In 1997 Heathcoat-Amory joined the shadow cabinet of William Hague as the Shadow Chief Secretary to the Treasury, and was the Shadow Secretary of State for Trade and Industry from 2000. He left the frontbench on the election of Iain Duncan Smith as the leader of the Conservative Party in 2001. He was a member of the Treasury Select committee from 2004 until he was briefly, in 2005, a spokesman on work and pensions under the leadership of Michael Howard, but returned to the backbenches later in the year when David Cameron became Conservative leader. He served as the chairman of the all party group on the British Museum; the vice chair of the group on astronomy and space environment; and the secretary of the group on boxing.

From late 2001 until July 2003, Heathcoat-Amory was one of the two British parliamentary delegates to the Convention on the Future of Europe, which drafted the European Constitution. He is well known for his strong euroscepticism and was, through the work of the Convention, a fierce opponent of the official drafts being prepared by the presidium of the Convention, criticising them as being too federalist.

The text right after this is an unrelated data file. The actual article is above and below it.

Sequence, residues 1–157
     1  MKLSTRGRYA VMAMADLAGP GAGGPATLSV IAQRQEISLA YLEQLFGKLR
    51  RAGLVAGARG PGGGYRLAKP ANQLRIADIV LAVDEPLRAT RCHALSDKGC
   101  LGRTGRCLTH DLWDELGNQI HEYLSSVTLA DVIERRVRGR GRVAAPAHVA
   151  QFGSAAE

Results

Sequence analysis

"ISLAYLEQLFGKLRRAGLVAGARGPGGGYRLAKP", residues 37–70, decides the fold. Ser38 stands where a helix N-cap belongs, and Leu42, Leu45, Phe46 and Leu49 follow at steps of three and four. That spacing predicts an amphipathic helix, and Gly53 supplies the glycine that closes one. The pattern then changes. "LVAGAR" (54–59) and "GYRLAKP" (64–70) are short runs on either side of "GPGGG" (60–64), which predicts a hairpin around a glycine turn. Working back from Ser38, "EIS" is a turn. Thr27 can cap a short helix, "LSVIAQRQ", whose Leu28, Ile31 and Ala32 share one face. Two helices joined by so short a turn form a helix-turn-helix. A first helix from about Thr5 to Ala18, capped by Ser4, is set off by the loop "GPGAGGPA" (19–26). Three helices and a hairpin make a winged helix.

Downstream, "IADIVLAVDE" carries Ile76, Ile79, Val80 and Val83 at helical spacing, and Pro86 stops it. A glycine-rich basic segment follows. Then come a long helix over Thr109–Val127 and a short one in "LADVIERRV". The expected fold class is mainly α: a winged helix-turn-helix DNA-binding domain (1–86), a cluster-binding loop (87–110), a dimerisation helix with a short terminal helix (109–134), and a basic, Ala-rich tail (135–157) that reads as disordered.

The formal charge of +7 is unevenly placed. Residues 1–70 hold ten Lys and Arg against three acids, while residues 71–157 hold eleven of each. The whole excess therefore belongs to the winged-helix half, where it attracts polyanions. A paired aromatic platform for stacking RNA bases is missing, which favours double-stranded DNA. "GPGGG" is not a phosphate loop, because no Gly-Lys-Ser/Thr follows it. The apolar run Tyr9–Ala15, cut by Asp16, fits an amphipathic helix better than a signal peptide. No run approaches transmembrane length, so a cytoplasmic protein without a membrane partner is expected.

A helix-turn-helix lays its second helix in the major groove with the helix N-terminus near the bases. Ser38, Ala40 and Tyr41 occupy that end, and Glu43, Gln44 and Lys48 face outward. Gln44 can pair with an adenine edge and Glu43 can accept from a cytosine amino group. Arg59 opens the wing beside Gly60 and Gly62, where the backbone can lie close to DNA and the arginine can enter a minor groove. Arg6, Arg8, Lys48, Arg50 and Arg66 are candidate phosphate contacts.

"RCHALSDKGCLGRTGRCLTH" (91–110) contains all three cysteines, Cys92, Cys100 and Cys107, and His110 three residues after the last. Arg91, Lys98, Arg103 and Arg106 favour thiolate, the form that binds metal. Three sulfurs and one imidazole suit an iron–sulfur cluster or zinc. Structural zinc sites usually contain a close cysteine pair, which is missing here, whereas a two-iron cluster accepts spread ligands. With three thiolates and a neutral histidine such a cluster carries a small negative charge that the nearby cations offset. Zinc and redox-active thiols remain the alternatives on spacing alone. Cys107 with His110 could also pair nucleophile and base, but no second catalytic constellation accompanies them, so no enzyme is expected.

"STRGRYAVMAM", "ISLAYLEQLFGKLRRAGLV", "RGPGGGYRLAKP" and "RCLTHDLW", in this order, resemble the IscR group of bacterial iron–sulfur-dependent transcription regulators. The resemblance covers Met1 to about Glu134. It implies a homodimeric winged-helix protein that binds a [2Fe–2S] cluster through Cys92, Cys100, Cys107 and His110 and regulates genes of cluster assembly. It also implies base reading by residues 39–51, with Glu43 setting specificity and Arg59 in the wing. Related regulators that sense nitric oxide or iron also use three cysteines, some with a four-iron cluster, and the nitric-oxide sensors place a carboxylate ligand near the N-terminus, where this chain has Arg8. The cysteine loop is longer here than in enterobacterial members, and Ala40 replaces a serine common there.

Heathcoat-Amory was selected by the Power 2010 democracy and constitutional reform campaign as one of six MPs accused of "failing our democracy" and who "stand in the way of a reforming Parliament".[1][2] Heathcoat-Amory lost his seat in the 2010 general election to the Liberal Democrat's Tessa Munt who achieved a 6.1% swing.

At the election, UKIP's Jake Baynes was requested by his party to stand down owing to UKIP's policy of not standing a candidate in a constituency where there is already a committed eurosceptic, but he refused to do so. In interviews, Baynes said he was "offering the public a service no other candidate is".[3] Heathcoat-Amory partly blamed the presence of a UKIP candidate on the ballot paper for his defeat during his speech after the result of the ballot was announced.[4] He also admitted that his involvement in the expenses scandal played a part in his defeat.[5][6][7]